We have a love/hate relationship with our comms gear. We really do like to stay in touch, especially with family and friends, but we don’t like the complexity. And the options keep changing. Prior to leaving for Panama we went through an analysis of what was currently available, our needs, and played this off against our tolerance for hassle (low). Here is what we found.
To begin with, BGAN is the format of the future. High speed throughput, relatively low cost for data ($6 to $15 per Mb), with the ability to be used for voice at around a dollar per minute. The aiming requirement tolerances are sloppy – two or three times as loose as Direct TV, so portable units should work at sea if the course is stable or we are using a FollowMeTV antenna tracker (which we have).
We found Hughes units with hand sets used for $1800 and new for $2800. But this came late in the getting-ready-to-go process, so we decided to defer to next year. There are also several marinized packages available at $10,000 to $14,000 (why they are so expensive is hard to imagine) but we could find no consistently favorable info about these new units, which appear to be still having teething problems.
This left us with our standby from the past ten years, Iridium satellite data. Costs on usage vary, as do terms. We found that WCC.com had a good deal with 500 minutes for $650. If you buy 1000 minutes, the time has a two-year expiration date.
When we left New Zealand three years ago we had an Icom SSB (M802) and Pactor ll modem on board for use with Sailmail. We had problems getting connected and figured it was because the Sailmail system was so busy. So we defaulted to Iridium and UUPlus as a compression service (and service is the right word – these guys are great on tech support).
With the assumption that by 2009 we would be using some form of BGAN it did not make sense to invest in a back up Iridium phone ($1000+) so we decided to give the SSB and Sailmail another try.
Working with Troy Bethel to get the system reinitialized with a new computer Troy found that the radio had never been properly set up in New Zealand. The ground on the auto-tuner was insufficient and the radio output settings were incorrect. With these deficiencies sorted we were able to quickly connect to a variety of Sailmail stations from Seattle, to Central and Southern California, to Texas.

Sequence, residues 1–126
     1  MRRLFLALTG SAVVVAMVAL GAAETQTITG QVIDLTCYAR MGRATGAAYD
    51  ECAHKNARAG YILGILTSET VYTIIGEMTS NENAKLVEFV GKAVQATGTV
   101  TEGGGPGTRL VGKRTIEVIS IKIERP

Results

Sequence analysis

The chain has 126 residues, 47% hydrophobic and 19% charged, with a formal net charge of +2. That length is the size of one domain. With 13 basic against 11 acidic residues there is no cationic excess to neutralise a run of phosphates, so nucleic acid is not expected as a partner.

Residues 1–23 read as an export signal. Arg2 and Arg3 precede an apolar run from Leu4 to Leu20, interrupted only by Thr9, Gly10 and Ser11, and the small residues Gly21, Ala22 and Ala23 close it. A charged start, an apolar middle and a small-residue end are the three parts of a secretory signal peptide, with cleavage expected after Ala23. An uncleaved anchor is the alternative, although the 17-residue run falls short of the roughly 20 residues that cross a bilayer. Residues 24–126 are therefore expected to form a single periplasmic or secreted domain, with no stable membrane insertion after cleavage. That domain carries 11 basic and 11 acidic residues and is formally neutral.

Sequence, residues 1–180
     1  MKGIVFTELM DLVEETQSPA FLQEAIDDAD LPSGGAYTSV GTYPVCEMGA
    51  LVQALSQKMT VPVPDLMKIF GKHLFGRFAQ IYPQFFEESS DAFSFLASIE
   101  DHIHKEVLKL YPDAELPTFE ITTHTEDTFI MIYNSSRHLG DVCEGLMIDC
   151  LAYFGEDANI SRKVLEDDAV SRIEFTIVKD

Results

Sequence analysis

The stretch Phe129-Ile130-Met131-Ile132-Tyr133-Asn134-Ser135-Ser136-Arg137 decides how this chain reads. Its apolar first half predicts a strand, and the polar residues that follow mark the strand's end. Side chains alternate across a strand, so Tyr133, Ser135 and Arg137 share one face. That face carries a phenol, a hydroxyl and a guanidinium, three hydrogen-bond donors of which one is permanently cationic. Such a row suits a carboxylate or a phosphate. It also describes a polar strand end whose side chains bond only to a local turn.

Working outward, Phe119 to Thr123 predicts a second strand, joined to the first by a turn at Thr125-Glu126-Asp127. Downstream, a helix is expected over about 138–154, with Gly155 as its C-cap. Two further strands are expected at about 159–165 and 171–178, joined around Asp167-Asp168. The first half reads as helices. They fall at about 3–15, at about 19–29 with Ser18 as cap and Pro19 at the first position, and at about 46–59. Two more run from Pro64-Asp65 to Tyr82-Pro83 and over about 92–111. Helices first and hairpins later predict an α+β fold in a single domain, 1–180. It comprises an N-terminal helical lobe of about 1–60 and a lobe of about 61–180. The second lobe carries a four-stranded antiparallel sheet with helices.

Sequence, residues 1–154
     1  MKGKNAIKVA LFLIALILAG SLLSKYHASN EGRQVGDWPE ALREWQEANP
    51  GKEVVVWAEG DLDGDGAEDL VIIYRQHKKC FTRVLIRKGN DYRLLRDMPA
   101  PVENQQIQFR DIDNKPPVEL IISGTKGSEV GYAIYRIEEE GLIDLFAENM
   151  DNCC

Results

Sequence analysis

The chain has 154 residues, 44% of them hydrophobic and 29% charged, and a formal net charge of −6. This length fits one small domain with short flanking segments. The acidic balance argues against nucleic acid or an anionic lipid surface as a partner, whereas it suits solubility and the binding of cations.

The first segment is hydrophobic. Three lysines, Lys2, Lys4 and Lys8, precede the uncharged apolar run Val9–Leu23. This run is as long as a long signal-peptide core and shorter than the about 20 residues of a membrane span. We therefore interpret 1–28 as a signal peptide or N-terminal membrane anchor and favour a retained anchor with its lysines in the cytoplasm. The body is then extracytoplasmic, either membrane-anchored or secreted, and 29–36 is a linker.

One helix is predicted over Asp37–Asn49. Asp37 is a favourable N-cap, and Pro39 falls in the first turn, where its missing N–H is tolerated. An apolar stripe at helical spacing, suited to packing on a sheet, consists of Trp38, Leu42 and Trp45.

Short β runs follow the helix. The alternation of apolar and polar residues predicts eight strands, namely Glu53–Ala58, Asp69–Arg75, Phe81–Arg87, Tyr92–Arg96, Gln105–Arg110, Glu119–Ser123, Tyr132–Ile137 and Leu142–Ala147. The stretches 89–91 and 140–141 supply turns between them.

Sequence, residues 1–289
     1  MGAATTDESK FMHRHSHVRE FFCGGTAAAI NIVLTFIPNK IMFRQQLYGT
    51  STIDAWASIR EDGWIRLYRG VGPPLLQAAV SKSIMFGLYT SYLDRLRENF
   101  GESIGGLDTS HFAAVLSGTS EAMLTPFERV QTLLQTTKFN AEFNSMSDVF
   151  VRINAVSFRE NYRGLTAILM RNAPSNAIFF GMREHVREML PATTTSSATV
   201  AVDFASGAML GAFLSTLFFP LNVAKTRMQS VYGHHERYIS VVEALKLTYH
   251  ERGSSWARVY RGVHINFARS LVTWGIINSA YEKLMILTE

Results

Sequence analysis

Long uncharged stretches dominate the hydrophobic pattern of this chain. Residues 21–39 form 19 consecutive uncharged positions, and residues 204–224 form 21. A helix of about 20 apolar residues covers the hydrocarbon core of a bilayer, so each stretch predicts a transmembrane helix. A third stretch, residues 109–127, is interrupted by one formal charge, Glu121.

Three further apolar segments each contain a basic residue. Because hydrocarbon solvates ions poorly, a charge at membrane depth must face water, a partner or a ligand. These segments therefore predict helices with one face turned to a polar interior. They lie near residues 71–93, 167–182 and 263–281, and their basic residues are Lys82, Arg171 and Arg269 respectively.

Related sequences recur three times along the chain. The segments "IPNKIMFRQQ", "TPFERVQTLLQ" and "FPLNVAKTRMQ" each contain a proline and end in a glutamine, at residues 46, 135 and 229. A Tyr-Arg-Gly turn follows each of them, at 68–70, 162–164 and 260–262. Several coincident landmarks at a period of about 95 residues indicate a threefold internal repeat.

The Sailmail program has come a long way and offers the ability to use its compressors with broadband and Iridium. Troy set us up so that if radio band conditions are weak and we are having a problem getting through on the com SSB, it is easy (and fast) to switch to Iridium. The Sailmail program also has a great weather fax receive mode, which we prefer to our dedicated Furuno Fax 30.
So far, over the last three days we have been able to connect quickly to Sailmail stations and get our traffic through. On two occasions, out of eight, we have had to wait or switch to another station because the frequency was occupied. This may be worse in other areas, in which case we have the Iridium option to fall back upon.
We debated buying the SSB in the first place because we rarely use the set for chatting. But decided that we need some form of SSB (ham or marine) as back up. Using Sailmail involves acquiring a Pactor modem, so you are looking at a minimum of US$2400 between radio, tuner, and modem. If you are going to have the radio anyway, then you are just adding the Pactor modem, and we really like the way Sailmail works with its suite of programs (including a GRIB weather file access system and Saildocs for weather forecasts). So this makes sense, with one caveat. You do need a degree of technical expertise to use the SSB and Sailmail. It is not that complex (hey, we can do it) but an Iridium phone connected to UUPlus is a lot simpler, and you have the Bonnet brothers there to lend tech support.
In a future article we will go into more detail on how Sailmail works. And by next year this is all likely to change.